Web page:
The parallel world of American advertising targeted toward African-Americans, 1950-1960


In the 1950s and 1960s, a 'parallel world' of American advertising existed, where mainstream brands targeted the African-American middle and upper classes in major magazines such as Ebony and Jet. These ads never worked in wider society and showed a very different face of Black America at the time.

It is said that many of these advertisements were literally created by John Harold Johnson, the founder of the Johnson Publishing Company dynasty. His hugely successful magazines Ebony and Jet – as well as other titles – catered to the black middle and upper classes and he felt that readers would be more inclined to buy from mainstream companies that really liked him and his spending power. used to accept.

John Harold Johnson personally branded the idea that they should use Black models for their audience if they expected to see high sales. When some companies (reluctantly) tried it, they realized that the results were so dramatic that it made sure they would continue. As a result, Johnson's publication and, later, others like him, saw an explosion of targeted ads.

However, given that segregation and state-sanctioned discrimination against black people was still law enforced at this time - only black wealth was acknowledged and respected in these journals. Outside of their own businesses and networks in the US, black people were still banned from entering many stores and actively prohibited from trying on items when entry was permitted.

It is so fascinating that parallel media worlds existed in one nation, the Black One – where mainstream companies portrayed Black people as many people who knew each other... and the 'White', where Black people were was completely ignored.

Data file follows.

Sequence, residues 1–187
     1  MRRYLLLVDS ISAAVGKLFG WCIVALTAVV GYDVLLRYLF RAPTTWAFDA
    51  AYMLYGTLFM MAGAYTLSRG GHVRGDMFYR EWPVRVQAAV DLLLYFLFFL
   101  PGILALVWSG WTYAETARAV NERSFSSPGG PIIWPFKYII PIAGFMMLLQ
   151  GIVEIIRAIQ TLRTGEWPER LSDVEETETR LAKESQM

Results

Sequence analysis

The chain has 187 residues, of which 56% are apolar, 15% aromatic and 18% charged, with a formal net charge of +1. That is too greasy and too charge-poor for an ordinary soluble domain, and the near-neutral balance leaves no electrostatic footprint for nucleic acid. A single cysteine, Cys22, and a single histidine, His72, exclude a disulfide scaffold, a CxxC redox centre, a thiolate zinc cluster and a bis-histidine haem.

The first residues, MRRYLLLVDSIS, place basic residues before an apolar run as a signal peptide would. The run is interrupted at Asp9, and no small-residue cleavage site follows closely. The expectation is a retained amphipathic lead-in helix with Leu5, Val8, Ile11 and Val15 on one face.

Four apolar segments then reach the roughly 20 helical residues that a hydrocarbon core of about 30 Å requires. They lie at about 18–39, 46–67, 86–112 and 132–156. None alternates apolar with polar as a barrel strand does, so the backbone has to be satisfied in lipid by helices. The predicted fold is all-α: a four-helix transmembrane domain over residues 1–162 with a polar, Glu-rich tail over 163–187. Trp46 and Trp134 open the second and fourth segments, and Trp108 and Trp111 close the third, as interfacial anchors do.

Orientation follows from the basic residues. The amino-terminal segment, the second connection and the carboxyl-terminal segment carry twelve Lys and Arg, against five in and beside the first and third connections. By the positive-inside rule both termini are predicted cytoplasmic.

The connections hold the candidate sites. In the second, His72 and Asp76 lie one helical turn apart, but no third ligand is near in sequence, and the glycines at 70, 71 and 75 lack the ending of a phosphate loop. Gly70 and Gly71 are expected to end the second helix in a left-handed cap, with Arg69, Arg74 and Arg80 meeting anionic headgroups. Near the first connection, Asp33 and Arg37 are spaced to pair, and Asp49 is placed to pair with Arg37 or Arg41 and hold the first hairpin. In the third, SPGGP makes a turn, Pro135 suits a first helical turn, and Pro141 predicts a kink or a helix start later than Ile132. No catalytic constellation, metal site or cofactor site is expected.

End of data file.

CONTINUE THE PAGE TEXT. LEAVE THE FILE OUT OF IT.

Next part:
In the US, African-Americans first appeared in advertisements during the 1870s, when color lithography was first used to print business cards. The cards varied greatly in subject matter, although game figures and ethnic humor were the two most popular forms. Some of the photos were explicitly racist. One of the most outrageous shows abolitionist leader Frederick Douglass with his second wife, a white woman, taking a product called sulfur bitters to lighten his skin.

From the early 20th century to the mid-1960s, advertisements using stereotypical images of African-Americans circulated throughout the U.S. were widespread. Some of the images became American symbols and are still used on products today. Blacks were made to appear submissive and ignorant as well as ugly and quirky. And if domestic work or bureaucratic work was involved, blacks were considered best suited for the job.

Aunt Jemima is best known among the stereotypical African-American advertising characters. The Aunt Jemima trademark, which first appeared in 1889, was a landmark development: Aunt Jemima, the first ready-made pancake mix, foreshadows the era of convenience products; It was the first product to use a black person as a trademark; And the product's marketer was the first to promote the idea of ​​giving away a product to attract new customers.

From the end of slavery to the period of the Civil Rights Movement in the 1960s, the U.S. Advertisements in the U.S. continued to show blacks as Aunt Jemimas, Uncle Baines and the Rastuse persons subordinate to whites. Business cards, advertising stamps, blotters, tins and bottles are usually depicted in black with plump lips, bulging eyes and a distorted mouth. Many saw these images of slavery as promoting a kind of psychological bondage that was just as harmful as physical slavery.

African-American consumers were targeted as a specific market segment as early as 1916, when a gas company in Rock Hill, SC worked with a church group and local government to operate a cooking school for black servants. had worked for. Advertisements for his efforts led to the sale of 12 kitchen ranges by the gas company. The early recording industry discovered a significant market among blacks in 1920 when Columbia Records released "Crazy Blues" by Mamie Smith. And in 1922, the Fuller Brush Company hired four teachers as salespeople for the black consumer market in Tulsa.

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